This will not only help you relax, but also improve posture, muscle pain, flexibility and your ability to recover from exercise. 

So, what can we do to help shut off our fight-or-flight system?

Exhale.

Something really cool happens when you relax and focus on long, deep exhalation. It literally signals our brain that everything is okay and helps us relax and de-stress. 

It helps to:

  • Lower your heart rate

  • Decrease stress hormones and anxiety

  • Decrease muscle and joint pain/stiffness

  • Increase joint range-of-motion

  • Increase recovery from workouts

  • Improve your posture

These drills work almost like a relaxing massage or total-body stretch.

Bye, bye tension and stress.

Not only do you feel better with less tension, but your posture and range-of-motion starts to improve allowing you to get more out of your workouts and decrease your risk of injury!

Today we're covering 3 of our favorite exhalation tips and drills and how to do them.

Next time you're feeling stress, try one of these breathing drills out.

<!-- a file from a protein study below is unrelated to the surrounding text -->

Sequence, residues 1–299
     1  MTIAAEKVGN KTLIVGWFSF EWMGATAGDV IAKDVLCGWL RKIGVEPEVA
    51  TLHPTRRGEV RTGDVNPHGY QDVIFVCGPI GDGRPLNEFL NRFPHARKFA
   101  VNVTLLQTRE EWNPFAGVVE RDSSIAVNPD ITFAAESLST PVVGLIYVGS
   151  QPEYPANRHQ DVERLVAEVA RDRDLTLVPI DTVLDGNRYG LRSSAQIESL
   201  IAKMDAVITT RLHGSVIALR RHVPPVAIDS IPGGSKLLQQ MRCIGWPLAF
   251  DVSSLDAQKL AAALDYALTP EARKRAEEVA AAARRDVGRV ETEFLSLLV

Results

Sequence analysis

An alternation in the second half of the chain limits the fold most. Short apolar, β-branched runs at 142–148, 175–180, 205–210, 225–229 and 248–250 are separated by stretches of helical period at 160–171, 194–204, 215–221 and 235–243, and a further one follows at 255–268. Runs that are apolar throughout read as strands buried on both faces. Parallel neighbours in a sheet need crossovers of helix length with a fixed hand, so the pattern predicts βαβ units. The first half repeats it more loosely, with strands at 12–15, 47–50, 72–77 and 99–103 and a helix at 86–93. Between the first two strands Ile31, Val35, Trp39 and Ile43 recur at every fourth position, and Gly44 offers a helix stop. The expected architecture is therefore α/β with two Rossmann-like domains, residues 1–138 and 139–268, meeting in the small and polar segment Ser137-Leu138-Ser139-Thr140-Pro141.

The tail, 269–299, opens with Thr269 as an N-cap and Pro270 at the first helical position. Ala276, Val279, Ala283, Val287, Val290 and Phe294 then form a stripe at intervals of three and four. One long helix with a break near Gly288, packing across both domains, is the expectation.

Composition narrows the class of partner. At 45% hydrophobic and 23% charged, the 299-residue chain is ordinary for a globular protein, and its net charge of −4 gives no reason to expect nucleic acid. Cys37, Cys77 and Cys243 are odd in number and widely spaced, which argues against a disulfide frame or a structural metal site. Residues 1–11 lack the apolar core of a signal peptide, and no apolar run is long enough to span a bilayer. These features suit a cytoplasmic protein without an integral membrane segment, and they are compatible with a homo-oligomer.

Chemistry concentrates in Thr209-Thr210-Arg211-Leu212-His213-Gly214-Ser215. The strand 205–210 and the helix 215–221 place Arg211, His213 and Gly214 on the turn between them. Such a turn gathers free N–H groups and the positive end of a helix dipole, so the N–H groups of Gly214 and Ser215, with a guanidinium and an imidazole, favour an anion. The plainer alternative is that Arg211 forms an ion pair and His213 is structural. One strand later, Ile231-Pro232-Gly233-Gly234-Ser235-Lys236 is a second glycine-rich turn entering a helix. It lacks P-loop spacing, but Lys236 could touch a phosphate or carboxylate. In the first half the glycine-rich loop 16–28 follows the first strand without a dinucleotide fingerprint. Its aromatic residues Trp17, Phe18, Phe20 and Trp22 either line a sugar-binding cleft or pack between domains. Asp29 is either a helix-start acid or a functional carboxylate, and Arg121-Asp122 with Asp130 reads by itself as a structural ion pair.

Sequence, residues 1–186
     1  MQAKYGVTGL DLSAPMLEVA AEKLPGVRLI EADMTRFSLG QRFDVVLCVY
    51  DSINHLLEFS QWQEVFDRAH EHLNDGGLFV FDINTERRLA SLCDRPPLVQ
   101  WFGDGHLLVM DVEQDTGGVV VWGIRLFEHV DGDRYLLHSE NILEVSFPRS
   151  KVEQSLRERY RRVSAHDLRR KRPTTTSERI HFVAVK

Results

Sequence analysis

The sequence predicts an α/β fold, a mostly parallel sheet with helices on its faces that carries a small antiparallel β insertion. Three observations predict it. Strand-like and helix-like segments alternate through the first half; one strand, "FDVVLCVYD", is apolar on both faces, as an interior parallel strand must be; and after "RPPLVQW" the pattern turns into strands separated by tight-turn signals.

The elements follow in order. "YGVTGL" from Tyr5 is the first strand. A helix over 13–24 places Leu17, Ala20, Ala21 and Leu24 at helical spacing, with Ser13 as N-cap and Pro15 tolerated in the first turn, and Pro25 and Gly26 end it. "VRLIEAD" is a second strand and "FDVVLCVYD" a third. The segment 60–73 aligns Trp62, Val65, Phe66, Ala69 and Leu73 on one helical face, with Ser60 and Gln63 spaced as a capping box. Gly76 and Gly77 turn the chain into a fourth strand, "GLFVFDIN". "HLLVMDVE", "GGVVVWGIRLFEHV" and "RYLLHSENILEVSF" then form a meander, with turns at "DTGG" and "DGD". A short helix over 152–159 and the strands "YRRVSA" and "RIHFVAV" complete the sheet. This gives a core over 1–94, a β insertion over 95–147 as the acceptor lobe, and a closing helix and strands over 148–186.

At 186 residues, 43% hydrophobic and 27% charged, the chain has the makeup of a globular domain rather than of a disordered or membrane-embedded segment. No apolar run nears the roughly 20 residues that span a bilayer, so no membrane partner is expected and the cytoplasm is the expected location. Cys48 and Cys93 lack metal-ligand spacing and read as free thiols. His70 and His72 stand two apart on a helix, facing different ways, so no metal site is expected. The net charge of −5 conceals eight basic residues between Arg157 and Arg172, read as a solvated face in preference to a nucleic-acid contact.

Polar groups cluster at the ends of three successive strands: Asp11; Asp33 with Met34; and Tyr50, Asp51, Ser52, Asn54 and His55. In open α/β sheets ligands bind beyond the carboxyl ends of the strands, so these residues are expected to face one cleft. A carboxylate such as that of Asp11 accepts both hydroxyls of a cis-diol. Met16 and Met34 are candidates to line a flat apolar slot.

Enjoy!

1| Nasal breathing

Our first tip will drastically improve your stress and tension throughout day.

That tip is to simply breathe in and out through your nose throughout the day.

Nasal breathing as well as focusing on long, slow exhales has been shown to:

1. Decrease your heart and respiratory rate

Nasal breathing and exhalation is synonymous with the para-sympathetic nervous system. This is the system that helps us calm down, rest, and digest. It is our recovery and rebuild system.

On the other hand, breathing in and out of your mouth rapidly actually signals our body that it's time to fight or flight. This actually increases our heart rate and respiratory rate to increase placing stress on our hearts and bodies by making them work harder than they should. 

2. Decrease stress hormones

Just as nasal breathing and controlled exhalation signals our heart and respiratory rates to decrease, it also decreases our stress hormones like adrenaline and cortisol.

These hormones are important during times of intensity or stress as they help us increase our heart-rate and improve or strength. 

Consistently elevate your stress hormones and see a big increase in stiffness, stress, anxiety, fatigue, and fat-gain. 

3. Decrease muscular pain and stiffness at your back, neck, chest, and shoulders

Breathing through your nose allows you to use your biggest and most efficient breathing muscle, your diaphragm. 

Breathing in through your mouth does allow for more oxygen but it also activates the breathing muscles of your neck to help get additional air in. These muscles surround your neck, shoulders, chest, and back.

Overworking these muscles with mouth breathing causes stiffness and pain which can decrease range-of-motion, change your posture, and increase your risk of injury.